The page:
Tuesday, September 8, 2009


One of my favorite parts about traveling is getting to sample regional food in its native territory. For example, even though most of us have probably had deep dish pizza or gyros, I'm sure the experience is altogether different for those who've had the opportunity to try them in Chicago or Greece (respectively). Similarly, when I embarked on a trip to Europe last week with my first stop in Brussels, many previous travelers assured me that there was no shortage of regional specialties in Belgium. Of course there are several well known mainstays that come to mind: beer, mussels, fries, chocolate...and Belgian waffles.

I'll admit that most of my previous experience with Belgian waffles includes contemplating the menu at Bob Evans, or IHOP or Denny's (I like breakfast, ok?) and wondering aloud, "What makes a Belgian waffle different than a regular waffle?" Usually, no one seems to have an answer and they busy themselves dumping hot sauce or ketchup or whatever else onto their eggs and pretend not to have heard my ridiculous Belgian waffle question for the 14th time. Oh well. But just this week not only was I able to visit a friend in Brussels, but was able to sample some of the local fare and discover, once and for all, what these Belgians have been up to with their waffle irons for the last several hundred years.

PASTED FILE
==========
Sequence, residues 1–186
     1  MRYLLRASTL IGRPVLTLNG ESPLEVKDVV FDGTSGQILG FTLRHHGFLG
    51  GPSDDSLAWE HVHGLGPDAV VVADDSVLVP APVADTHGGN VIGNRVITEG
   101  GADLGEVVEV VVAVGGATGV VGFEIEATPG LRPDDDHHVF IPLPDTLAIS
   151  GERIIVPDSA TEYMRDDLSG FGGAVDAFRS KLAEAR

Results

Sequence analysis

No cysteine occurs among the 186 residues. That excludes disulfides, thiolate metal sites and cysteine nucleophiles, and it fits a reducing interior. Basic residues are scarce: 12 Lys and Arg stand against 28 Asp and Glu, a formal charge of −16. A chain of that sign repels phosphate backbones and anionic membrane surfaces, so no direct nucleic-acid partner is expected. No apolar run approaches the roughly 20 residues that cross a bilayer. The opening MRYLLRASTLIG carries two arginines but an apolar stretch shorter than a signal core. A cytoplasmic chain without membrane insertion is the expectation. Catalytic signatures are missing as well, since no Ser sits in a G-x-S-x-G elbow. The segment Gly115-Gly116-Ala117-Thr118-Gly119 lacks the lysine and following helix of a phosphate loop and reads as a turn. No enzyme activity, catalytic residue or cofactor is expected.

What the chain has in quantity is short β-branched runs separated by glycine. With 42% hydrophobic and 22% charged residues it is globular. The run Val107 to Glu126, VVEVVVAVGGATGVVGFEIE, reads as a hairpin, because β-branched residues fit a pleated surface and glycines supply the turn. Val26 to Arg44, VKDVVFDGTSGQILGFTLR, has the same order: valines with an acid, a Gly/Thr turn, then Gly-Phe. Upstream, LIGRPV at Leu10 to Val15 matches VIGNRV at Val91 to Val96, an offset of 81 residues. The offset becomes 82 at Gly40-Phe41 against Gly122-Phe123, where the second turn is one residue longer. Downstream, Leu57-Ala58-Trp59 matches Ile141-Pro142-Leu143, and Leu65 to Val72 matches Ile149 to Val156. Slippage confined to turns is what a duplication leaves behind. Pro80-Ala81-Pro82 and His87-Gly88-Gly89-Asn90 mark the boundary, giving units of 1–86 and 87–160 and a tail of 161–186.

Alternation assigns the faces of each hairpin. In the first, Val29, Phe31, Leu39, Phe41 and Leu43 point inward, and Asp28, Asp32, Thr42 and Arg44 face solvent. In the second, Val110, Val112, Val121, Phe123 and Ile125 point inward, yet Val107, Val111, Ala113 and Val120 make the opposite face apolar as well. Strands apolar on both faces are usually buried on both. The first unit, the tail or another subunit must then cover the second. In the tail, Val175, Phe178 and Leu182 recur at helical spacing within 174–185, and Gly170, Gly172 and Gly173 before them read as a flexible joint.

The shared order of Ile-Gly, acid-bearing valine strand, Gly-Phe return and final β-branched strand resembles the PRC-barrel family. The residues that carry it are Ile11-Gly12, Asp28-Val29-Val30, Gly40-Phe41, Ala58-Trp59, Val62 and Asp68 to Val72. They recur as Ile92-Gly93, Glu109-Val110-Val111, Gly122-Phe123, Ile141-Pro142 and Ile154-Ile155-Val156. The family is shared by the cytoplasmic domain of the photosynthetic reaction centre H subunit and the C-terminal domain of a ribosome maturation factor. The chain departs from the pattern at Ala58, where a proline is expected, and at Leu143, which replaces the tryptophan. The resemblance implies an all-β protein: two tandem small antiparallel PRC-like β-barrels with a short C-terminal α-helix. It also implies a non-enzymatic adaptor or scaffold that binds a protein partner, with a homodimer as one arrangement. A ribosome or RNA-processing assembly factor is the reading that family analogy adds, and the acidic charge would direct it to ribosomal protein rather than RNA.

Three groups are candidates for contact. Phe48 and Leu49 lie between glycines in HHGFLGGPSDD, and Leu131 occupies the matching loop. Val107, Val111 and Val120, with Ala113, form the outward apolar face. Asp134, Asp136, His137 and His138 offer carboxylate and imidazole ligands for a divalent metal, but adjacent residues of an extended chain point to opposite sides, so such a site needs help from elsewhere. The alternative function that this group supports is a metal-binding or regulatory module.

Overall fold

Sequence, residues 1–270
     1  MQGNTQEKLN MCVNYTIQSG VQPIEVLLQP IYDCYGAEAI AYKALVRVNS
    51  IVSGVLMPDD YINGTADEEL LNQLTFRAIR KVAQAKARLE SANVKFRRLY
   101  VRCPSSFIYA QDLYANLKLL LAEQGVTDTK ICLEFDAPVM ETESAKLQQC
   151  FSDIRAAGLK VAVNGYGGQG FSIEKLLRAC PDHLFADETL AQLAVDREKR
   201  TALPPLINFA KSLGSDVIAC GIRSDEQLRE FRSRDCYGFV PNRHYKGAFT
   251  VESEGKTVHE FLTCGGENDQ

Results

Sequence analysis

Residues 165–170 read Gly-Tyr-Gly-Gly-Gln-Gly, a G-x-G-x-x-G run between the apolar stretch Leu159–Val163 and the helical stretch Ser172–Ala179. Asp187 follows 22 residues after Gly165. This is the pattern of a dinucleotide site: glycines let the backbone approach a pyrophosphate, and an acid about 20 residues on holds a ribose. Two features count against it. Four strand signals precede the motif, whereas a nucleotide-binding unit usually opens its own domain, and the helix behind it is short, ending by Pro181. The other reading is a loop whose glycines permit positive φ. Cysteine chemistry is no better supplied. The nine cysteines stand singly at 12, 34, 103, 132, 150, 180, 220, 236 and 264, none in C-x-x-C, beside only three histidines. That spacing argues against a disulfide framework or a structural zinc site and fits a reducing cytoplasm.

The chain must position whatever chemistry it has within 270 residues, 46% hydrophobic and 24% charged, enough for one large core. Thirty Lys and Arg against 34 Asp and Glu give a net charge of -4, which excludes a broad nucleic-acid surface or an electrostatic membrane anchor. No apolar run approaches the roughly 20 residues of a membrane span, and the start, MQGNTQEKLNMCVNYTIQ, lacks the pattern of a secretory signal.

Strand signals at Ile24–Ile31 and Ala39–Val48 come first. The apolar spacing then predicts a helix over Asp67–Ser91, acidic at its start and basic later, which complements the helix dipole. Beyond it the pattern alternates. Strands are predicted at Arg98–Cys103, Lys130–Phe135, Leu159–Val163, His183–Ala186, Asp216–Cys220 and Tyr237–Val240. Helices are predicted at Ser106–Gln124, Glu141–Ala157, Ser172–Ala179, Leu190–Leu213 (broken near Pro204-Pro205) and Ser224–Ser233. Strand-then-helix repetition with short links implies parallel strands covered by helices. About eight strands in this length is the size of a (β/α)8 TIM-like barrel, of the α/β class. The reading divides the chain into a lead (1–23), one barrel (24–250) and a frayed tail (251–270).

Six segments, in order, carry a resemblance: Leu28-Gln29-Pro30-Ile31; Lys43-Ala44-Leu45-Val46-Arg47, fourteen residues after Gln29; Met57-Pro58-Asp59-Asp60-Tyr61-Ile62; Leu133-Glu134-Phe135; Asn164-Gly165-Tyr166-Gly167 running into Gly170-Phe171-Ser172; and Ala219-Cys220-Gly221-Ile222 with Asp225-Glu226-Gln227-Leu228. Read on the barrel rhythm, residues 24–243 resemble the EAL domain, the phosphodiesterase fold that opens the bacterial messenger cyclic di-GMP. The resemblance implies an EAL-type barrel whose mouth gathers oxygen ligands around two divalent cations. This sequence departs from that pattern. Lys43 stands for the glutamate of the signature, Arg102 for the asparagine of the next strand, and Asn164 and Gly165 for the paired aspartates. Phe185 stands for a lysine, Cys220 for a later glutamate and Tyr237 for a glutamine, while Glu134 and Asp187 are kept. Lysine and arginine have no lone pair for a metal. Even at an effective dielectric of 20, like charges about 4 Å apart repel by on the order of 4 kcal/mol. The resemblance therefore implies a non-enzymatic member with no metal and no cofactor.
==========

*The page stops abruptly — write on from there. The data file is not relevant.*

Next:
And, no, the difference isn't just that they're bigger than an Eggo.

In fact, it's more likely that the Eggo is just a poor approximation of a Belgian waffle (Dear Eggo, please do not sue me. Thanks, Hilary). If you're lucky enough to stop by one of the ubiquitous waffle stands in Brussels, you'll see right away that the real thing is square or rectangular instead of round, will be served wrapped in paper as a takeaway, and will be served with powdered sugar, whipped cream and/or chocolate rather than butter and syrup. Additionally, different regions of Belgium even have their own twist on the waffle and you're likely to find the most popular of these served alongside the typical Belgian waffle: the Liege waffle.

If you have a sweet tooth, the Liege waffle is for you. Whereas the regular Belgian waffle is plain in flavor and softer in texture, the Liege waffle is made with sugar and thus develops the most amazing caramelized sugar coating on the outside when baked in the waffle iron (clearly you can tell which one I picked). If you're on the go, this is a great alternative to a regular Belgian waffle with heaps of sweet toppings that might be harder to eat while sightseeing through the picturesque, gilded pathways of downtown Brussels. So, next time I'm at IHOP I'll just take mine wrapped in paper to go and ask, "Which way to the Manneken Pis?"

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